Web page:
THE 1. day of June we anchored at Isabella, on the
North side of Hispaniola.
The 3. day of June, the Governour of Isabella, and
Captaine of the Port de Plata, being certified by the
reports of sundry Spaniards, who had beene well intertained aboord our shippes by our Generall, that in our
fleete were many brave and gallant Gentlemen, who
greatly desired to see the Governour aforesayd, he thereupon sent gentle commendations to our Generall, promising within few dayes to come to him in person, which
he perfourmed accordingly.
The 5. day the aforesayd Governour accompanied with
a lusty Fryer, and twenty other Spaniards, with their
servants, and Negroes, came downe to the Sea side,
where our ships road at anker, who being seene, our
Generall manned immediatly the most part of his boates
with the chiefe men of our Fleete, every man appointed,
and furnished in the best sort: at the landing of our
Generall, the Spanish governour received him very
courteously, and the Spanish Gentlemen saluted our
English Gentlemen, and their inferiour sort did also
salute our Souldiers and Sea men, liking our men, and
likewise their qualities, although at the first they seemed
to stand in feare of us, and of so many of our boates,
whereof they desired that all might not land their men,
yet in the end, the courtesies that passed on both sides
were so great, that all feare and mistrust on the Spaniards
part was abandoned.
In the meane time while our English Generall and the
Spanish Governour discoursed betwixt them of divers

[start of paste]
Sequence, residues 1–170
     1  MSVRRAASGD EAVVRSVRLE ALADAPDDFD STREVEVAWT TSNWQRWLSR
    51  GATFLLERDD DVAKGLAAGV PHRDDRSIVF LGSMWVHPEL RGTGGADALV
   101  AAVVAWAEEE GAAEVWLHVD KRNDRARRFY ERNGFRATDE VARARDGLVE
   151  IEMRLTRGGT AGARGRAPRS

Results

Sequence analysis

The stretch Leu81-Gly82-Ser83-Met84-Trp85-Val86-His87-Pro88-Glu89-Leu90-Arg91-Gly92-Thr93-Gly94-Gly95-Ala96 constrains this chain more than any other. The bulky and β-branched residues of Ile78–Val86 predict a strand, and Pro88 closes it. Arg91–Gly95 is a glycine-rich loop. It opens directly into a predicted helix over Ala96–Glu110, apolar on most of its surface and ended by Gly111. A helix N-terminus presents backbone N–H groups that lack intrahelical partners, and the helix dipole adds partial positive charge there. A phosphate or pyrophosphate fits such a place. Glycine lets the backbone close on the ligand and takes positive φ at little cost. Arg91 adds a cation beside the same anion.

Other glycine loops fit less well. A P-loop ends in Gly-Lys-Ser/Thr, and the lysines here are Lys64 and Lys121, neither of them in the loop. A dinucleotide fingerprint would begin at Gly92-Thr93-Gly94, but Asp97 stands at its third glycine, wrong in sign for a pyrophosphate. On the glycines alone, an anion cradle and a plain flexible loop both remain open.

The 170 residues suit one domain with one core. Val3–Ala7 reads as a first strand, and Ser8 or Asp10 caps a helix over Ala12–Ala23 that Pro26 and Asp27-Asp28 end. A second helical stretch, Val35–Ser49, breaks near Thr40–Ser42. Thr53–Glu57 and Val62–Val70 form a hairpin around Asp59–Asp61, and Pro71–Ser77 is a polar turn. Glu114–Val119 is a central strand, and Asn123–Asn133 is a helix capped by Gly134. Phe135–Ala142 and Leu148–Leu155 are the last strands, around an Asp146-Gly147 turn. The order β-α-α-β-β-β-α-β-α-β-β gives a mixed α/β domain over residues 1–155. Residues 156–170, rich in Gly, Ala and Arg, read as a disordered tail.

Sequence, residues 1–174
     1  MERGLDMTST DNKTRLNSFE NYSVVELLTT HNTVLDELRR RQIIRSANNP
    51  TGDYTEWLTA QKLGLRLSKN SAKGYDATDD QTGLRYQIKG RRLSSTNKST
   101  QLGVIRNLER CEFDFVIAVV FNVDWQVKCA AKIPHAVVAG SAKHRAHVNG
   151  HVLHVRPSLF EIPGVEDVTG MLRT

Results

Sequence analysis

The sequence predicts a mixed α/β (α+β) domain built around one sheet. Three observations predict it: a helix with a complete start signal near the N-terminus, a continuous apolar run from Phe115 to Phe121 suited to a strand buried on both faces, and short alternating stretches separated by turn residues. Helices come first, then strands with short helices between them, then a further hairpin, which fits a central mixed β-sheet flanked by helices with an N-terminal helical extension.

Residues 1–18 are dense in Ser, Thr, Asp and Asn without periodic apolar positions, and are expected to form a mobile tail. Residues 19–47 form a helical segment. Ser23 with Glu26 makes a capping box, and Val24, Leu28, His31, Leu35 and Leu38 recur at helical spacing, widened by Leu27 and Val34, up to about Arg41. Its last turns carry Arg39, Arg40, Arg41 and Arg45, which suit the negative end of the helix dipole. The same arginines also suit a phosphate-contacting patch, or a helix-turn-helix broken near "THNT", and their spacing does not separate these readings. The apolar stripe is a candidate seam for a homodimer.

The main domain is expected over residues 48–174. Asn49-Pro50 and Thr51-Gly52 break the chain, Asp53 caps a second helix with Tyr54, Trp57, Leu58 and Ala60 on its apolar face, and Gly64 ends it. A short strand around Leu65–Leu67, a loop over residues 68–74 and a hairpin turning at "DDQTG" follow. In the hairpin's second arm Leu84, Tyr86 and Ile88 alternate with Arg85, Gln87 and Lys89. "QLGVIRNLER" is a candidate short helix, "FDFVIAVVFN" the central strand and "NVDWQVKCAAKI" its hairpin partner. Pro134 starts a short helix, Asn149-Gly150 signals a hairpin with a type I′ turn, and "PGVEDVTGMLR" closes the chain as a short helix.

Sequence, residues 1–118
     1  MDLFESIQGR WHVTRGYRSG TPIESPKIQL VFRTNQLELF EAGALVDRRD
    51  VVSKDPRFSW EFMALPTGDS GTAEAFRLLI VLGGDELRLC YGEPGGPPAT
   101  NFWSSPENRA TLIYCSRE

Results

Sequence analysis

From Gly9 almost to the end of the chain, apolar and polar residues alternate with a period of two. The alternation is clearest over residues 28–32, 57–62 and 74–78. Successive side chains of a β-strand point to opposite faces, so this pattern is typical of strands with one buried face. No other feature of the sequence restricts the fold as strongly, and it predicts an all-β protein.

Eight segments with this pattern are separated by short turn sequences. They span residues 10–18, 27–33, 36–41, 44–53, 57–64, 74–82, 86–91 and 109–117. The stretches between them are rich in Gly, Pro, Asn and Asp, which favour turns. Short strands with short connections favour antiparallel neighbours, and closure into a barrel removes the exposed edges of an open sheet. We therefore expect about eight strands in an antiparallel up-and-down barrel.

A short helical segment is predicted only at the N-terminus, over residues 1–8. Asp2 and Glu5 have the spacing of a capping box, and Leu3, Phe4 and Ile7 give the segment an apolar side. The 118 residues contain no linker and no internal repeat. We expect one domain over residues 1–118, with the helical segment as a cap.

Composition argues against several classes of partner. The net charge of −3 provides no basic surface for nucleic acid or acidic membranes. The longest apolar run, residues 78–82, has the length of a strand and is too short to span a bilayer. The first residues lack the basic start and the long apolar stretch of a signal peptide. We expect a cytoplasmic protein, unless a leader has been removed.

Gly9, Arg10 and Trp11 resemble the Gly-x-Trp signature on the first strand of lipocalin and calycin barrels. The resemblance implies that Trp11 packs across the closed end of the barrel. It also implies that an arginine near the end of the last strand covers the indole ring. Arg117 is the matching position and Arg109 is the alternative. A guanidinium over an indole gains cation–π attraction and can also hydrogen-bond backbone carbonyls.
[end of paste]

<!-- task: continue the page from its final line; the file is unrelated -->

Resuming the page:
matters, as of the state of the Countrey, the multitude
of the Townes and people, and the commodities of the
Iland, our men provided two banquetting houses covered
with greene boughes, the one for the Gentlemen, the
other for the servaunts, and a sumptuous banquet was
brought in served by us all in plate, with the sound of
trumpets, and consort of musicke, wherwith the Spaniards
were more then delighted. Which banquet being ended,
the Spaniardes in recompence of our courtesie, caused
a great heard of white buls, and kyne to be brought
together from the mountaines, and appoynted for every
Gentleman and Captaine that would ride, a horse ready
sadled, and then singled out three of the best of them
to bee hunted by horsemen after their maner, so that the
pastime grewe very pleasant for the space of three houres,
wherein all three of the beasts were killed, whereof one
tooke the Sea, and there was slaine with a musket.
After this sport, many rare presents and gifts were given
and bestowed on both parts, and the next day wee played
the Marchants in bargaining with them by way of trucke
and exchange of divers of their commodities, as horses,
mares, kine, buls, goates, swine, sheepe, bull-hides,
sugar, ginger, pearle, tabacco, and such like commodities
of the Iland.
The 7. day we departed with great good will from the
Spaniards from the Iland of Hispaniola
: but the wiser
sort doe impute this great shew of friendship, and
courtesie used towards us by the Spaniards rather to the
force that wee were of, and the vigilancie, and watchfulnesse that was amongst us, then to any heartie good
will, or sure friendly intertainement: for doubtlesse if
they had bene stronger then wee, wee might have looked
for no better curtesie at their handes, then Master John
Haukins received at Saint John de Ullua, or John Oxnam
neere the streights of Dariene, and divers others of our
Countrymen in other places.
The 8. day we ankred at a small Iland to take Seales,
which in that place wee understood to have bene in great